A few days ago, my daughters and I were passing by a homeless man at an intersection not far from our home in Nashville. He was dirty and unkempt, I am certain from hours standing in the heat on the corner. He also seemed a little off–you know, not quite playing with a full deck… which isn’t all that unusual with homeless people.
We all three watched as people ignored him, shooed him away from their cars. Quite frankly, I was getting ready to do the same. Having worked on “crackhead row” in Chicago (off Cicero and 47th), I had become hardened to so many folks begging at the light–especially when I had experienced one becoming belligerent when I offered him my untouched, just bought lunch. (He wanted money instead.) I was ready to move on like everyone else at the light, when my children intervened.
One of the girls said, “I wish we had some food to give him.” The other said, “Or some money.”
I felt like a complete jerk as I actually looked at the man full on. He had a smile on his face, asking for help in the most unassuming way–not angry, not ashamed, not aggressive, not even downtrodden. Just standing there fully expecting someone to eventually show kindness. Waiting on God to take care of him just like a sparrow. I choked up.
“Quick! Hand me the money in my purse!” I demanded. One of my kids handed me a wad of cash. I had about $14. I started to hand him the singles (I needed to put gas in the car), but dropped them in favor of the ten. When I beckoned him over, he limp-walked to the car almost falling over.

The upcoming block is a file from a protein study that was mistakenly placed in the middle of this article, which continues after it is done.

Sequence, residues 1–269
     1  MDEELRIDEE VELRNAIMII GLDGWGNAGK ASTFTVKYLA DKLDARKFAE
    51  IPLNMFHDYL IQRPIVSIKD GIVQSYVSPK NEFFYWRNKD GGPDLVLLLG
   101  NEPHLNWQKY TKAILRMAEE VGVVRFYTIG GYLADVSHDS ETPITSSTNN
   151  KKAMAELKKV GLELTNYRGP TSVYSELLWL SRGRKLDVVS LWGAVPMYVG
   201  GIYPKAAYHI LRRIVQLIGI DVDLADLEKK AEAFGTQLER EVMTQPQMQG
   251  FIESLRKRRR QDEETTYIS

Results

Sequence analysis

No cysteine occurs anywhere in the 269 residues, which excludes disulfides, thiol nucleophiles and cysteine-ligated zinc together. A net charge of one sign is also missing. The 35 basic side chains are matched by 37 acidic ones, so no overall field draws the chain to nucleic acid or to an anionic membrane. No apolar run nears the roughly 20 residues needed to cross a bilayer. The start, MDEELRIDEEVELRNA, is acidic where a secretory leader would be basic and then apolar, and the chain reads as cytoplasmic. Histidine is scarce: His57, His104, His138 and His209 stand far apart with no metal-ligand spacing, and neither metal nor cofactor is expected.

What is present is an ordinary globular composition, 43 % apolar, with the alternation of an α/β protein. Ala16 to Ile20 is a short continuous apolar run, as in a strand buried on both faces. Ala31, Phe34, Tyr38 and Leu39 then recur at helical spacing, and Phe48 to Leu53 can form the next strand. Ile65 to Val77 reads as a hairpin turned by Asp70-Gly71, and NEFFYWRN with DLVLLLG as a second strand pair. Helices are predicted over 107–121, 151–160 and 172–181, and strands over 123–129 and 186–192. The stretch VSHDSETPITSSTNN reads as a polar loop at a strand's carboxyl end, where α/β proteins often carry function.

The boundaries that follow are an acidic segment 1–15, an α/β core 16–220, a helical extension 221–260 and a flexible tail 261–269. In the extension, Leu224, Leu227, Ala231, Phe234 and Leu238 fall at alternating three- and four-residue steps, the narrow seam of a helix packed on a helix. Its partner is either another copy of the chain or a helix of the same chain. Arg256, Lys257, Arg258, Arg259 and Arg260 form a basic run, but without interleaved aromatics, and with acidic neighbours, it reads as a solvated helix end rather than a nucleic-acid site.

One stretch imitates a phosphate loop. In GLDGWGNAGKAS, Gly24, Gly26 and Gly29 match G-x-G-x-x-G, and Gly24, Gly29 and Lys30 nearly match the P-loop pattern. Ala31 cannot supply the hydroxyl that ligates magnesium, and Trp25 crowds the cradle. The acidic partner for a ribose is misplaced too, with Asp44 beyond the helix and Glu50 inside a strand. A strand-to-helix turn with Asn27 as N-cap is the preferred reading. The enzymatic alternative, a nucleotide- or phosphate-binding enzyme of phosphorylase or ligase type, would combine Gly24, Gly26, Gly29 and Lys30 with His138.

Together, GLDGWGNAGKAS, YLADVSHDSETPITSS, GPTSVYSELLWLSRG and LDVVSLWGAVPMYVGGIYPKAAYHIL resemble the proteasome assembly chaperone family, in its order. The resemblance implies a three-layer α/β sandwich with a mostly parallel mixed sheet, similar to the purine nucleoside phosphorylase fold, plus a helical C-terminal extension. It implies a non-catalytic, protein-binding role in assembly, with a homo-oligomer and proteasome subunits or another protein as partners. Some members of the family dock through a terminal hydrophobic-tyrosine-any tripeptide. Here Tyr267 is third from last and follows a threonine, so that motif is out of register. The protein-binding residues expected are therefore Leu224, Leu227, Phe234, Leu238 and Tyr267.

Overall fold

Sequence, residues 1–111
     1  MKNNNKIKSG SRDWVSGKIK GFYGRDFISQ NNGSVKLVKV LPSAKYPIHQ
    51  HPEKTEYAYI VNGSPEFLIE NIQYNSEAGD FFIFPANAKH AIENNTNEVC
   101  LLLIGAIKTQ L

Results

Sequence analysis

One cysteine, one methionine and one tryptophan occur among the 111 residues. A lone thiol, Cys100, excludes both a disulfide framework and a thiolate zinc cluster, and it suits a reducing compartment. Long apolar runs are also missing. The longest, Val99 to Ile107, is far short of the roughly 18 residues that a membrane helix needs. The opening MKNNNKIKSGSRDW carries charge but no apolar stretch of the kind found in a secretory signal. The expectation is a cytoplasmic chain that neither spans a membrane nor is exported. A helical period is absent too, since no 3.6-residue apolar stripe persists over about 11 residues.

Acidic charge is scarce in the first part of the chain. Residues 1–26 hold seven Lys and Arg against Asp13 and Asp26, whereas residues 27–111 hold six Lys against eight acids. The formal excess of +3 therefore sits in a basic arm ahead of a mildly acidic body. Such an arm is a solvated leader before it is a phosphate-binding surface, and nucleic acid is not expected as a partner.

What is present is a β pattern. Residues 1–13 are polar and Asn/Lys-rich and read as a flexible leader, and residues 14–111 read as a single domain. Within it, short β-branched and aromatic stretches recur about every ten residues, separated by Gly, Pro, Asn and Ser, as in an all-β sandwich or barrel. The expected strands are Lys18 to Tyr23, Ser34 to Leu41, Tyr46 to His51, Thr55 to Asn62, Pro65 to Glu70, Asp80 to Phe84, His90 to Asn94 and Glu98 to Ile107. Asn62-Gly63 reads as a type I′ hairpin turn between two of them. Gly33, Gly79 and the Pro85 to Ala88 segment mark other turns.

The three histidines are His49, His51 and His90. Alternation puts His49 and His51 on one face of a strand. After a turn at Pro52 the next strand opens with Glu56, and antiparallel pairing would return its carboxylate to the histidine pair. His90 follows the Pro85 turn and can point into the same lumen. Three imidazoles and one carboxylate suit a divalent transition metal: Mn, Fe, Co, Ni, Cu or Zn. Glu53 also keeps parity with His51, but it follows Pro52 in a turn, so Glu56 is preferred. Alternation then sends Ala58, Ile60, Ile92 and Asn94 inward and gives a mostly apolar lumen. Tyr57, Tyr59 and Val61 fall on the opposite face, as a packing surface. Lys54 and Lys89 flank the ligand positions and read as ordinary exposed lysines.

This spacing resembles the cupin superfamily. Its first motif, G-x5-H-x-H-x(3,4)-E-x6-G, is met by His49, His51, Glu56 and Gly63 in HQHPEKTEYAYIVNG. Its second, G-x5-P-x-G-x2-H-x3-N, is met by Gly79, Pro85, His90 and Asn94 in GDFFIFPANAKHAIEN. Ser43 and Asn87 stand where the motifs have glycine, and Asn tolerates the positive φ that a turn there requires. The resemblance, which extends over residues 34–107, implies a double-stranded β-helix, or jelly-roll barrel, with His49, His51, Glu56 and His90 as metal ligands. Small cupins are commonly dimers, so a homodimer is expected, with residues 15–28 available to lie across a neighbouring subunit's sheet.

That made me feel like a real asshole.
As I handed him the money, he was careful not to touch my hand. He opened his mouth to say, “Thank you”, but the words would not form–his lips moved, but no sound came. I realized with tears in my eyes that he could not talk. He smiled even bigger, pointed to me, pointed to the sky, and finally pointed at his heart. I understood in my own heart what his vocal chords could not produce: God sent me to help him, and he was grateful.
Even more humbling, we all watched amazed as he went back to the guard rail, knelt down, and began to pray. As the light changed and we made our turn, I glanced at my girls. One still watched him as he faded into the distance; the other wiped tears from her eyes.
“He couldn’t talk, could he?” The youngest asked thoughtfully.
“No,” I croaked, choking back tears. “But that didn’t keep him from praying or saying ‘Thank you’.”
I started off this post in a completely different fashion. In fact, I had no intention of telling this story at all. I had wanted to express to you how awesome of a parent I am, how great my kids are–never trying to get this deep or be that honest in this post. Even still, I think that I did exactly what I had intended to do, which was to express to you:
I am raising exceptional children.
Not because they are smart, funny, kind, polite, well behaved, helpful, confident, and self directed (and they are all that and then some). Nor are they exceptional because of me. I am really just hitting an even groove as a person–let alone as a parent! My failed attempts at guidance still outweigh my successful ones.
No, they are exceptional because they already have the mind of Christ, where compassion is their default status. If everyone lived this way, the world would be a much better place.
I pray that they are always exceptionally connected to othets in compassion and grace.